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Article ID: 141284 - Last Review: August 19, 2003 - Revision: 1.1

This article was previously published under Q141284

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When you use a Microsoft Excel worksheet as a data source in Microsoft Query, and you attempt to create a join between two fields of seemingly similar data types, Microsoft Query may generate the following warning message:
Columns <name> and <name> that you are about to join are of different types. Create the join anyway?
If you choose Yes to this option, you receive either of the following errors:

Microsoft Query version 1.0

Type mismatch.

Microsoft Query version 2.0

Reserved error(-3079); there is no message for this error.

Microsoft Query version 8.0

Type mismatch in JOIN expression.
This behavior occurs regardless of the number of "Rows To Scan" you specified when you set up the data source.


This problem occurs because the two apparently similar fields may be evaluated as being of different data types. This difference in type causes an error and prevents you from completing the join.

The Microsoft Excel Open Database Connectivity (ODBC) driver provides an option called Rows To Scan. This option specifies the number of rows to scan to determine the data type of each column. The data type is determined given the maximum number of kinds of data found. If data is encountered that does not match the data type guessed for the column, the data type will be returned as a NULL value. The ODBC.HLP file included with the ODBC driver includes the following information:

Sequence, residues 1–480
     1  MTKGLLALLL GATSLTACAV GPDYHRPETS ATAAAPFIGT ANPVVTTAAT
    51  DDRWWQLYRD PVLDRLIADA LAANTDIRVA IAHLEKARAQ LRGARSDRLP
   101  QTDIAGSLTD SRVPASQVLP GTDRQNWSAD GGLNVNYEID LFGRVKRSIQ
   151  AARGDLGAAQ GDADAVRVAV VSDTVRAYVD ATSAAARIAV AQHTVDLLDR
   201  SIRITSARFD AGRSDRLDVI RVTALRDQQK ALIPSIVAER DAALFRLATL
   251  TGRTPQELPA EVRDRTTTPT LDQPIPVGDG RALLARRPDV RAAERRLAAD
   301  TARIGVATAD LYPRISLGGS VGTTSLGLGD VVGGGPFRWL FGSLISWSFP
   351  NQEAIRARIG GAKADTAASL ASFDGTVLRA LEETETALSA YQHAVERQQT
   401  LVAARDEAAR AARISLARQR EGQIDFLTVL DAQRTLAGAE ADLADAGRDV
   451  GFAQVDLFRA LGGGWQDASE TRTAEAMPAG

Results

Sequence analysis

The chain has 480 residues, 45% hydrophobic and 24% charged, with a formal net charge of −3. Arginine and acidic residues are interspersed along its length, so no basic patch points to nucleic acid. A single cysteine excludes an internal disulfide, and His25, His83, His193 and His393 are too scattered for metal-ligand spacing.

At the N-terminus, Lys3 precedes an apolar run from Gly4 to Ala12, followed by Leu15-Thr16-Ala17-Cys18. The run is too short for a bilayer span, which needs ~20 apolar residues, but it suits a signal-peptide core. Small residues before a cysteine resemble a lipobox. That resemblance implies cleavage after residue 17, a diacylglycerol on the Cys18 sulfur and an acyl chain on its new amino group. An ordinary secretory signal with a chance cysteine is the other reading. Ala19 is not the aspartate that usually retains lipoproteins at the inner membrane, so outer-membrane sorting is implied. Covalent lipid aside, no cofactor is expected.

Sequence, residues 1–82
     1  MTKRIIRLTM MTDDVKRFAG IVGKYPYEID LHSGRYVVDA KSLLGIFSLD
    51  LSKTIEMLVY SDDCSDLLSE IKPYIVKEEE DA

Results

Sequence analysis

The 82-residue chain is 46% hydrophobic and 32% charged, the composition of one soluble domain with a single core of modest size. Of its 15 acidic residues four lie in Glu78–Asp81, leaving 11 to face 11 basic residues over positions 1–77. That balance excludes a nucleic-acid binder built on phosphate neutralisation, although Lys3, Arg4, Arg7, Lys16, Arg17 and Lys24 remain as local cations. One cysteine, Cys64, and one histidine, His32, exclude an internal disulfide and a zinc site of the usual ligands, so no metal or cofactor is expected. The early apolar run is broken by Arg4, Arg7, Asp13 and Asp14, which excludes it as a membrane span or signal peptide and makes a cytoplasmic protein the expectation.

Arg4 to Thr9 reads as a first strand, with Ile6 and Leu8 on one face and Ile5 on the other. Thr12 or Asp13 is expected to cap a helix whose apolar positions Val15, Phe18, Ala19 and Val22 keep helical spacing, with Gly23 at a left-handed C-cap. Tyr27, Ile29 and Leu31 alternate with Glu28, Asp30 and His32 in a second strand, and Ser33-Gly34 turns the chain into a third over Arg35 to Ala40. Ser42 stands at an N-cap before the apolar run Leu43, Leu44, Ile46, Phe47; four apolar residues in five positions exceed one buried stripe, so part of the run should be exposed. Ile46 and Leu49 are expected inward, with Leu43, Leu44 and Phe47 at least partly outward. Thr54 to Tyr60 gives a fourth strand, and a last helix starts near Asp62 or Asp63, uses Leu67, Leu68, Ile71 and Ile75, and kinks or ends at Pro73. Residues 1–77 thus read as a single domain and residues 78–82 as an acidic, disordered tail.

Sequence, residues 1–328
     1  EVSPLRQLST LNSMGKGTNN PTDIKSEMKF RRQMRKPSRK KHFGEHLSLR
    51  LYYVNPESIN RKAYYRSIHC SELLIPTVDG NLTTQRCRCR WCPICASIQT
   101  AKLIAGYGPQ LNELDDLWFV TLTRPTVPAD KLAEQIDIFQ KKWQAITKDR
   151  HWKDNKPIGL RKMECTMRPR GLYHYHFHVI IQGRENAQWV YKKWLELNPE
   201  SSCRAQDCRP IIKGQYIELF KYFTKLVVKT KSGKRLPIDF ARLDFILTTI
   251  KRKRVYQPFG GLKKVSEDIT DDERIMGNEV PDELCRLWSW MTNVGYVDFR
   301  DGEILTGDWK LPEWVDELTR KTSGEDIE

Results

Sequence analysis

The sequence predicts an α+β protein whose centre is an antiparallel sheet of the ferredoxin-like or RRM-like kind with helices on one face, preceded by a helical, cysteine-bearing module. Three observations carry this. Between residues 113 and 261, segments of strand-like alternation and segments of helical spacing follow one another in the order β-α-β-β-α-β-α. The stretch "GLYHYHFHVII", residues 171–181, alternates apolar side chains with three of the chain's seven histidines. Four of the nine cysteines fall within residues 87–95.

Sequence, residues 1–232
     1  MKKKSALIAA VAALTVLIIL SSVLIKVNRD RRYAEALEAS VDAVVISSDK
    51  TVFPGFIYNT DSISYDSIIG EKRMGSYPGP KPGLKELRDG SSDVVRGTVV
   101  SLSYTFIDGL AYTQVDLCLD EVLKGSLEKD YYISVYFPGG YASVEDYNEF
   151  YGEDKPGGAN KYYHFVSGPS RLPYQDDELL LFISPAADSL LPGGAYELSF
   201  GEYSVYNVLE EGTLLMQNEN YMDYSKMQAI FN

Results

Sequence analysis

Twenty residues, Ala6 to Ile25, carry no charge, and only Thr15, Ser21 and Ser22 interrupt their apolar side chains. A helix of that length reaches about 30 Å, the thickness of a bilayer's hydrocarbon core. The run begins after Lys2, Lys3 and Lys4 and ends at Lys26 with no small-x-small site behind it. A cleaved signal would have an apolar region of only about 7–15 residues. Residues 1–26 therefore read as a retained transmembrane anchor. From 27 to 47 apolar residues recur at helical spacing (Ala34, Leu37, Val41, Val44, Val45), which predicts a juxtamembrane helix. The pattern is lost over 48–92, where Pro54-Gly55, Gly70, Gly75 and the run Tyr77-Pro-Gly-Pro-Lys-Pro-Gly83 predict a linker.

For the Microsoft Excel driver, you may enter a number from 1 to 16 for the rows to scan; however, the value will always default to 1. (A number outside the limit will return an error.)
This information is incorrect. The Rows To Scan option will always use the first eight rows of data to determine the data type of a given field regardless of the number of rows specified. In the case where the first 8 rows contain four numeric and four text values, the data type for the column will default to Number.


To ensure that Microsoft Query accesses your Microsoft Excel data properly, make sure that all values in a particular column are of the same data type. Do not mix text and numeric data in a single column. If you need to have mixed data in a field, format the column in Microsoft Excel as Text (on the Format menu, click Cells, and select the Text option on the Numbers tab) before you enter data.


Microsoft is researching this problem and will post new information here in the Microsoft Knowledge Base as it becomes available.


For more information about Rows To Scan, click Help in the Add Data Source dialog box. In ODBC Help, click the Index tab, and type the following text:
rows to scan

  • Microsoft Excel 97 Standard Edition
  • Microsoft Excel 5.0 Standard Edition
  • Microsoft Query 2000
  • Microsoft Open Database Connectivity Desktop Database Driver Kit 2.0
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This article was written about products for which Microsoft no longer offers support. Therefore, this article is offered "as is" and will no longer be updated.
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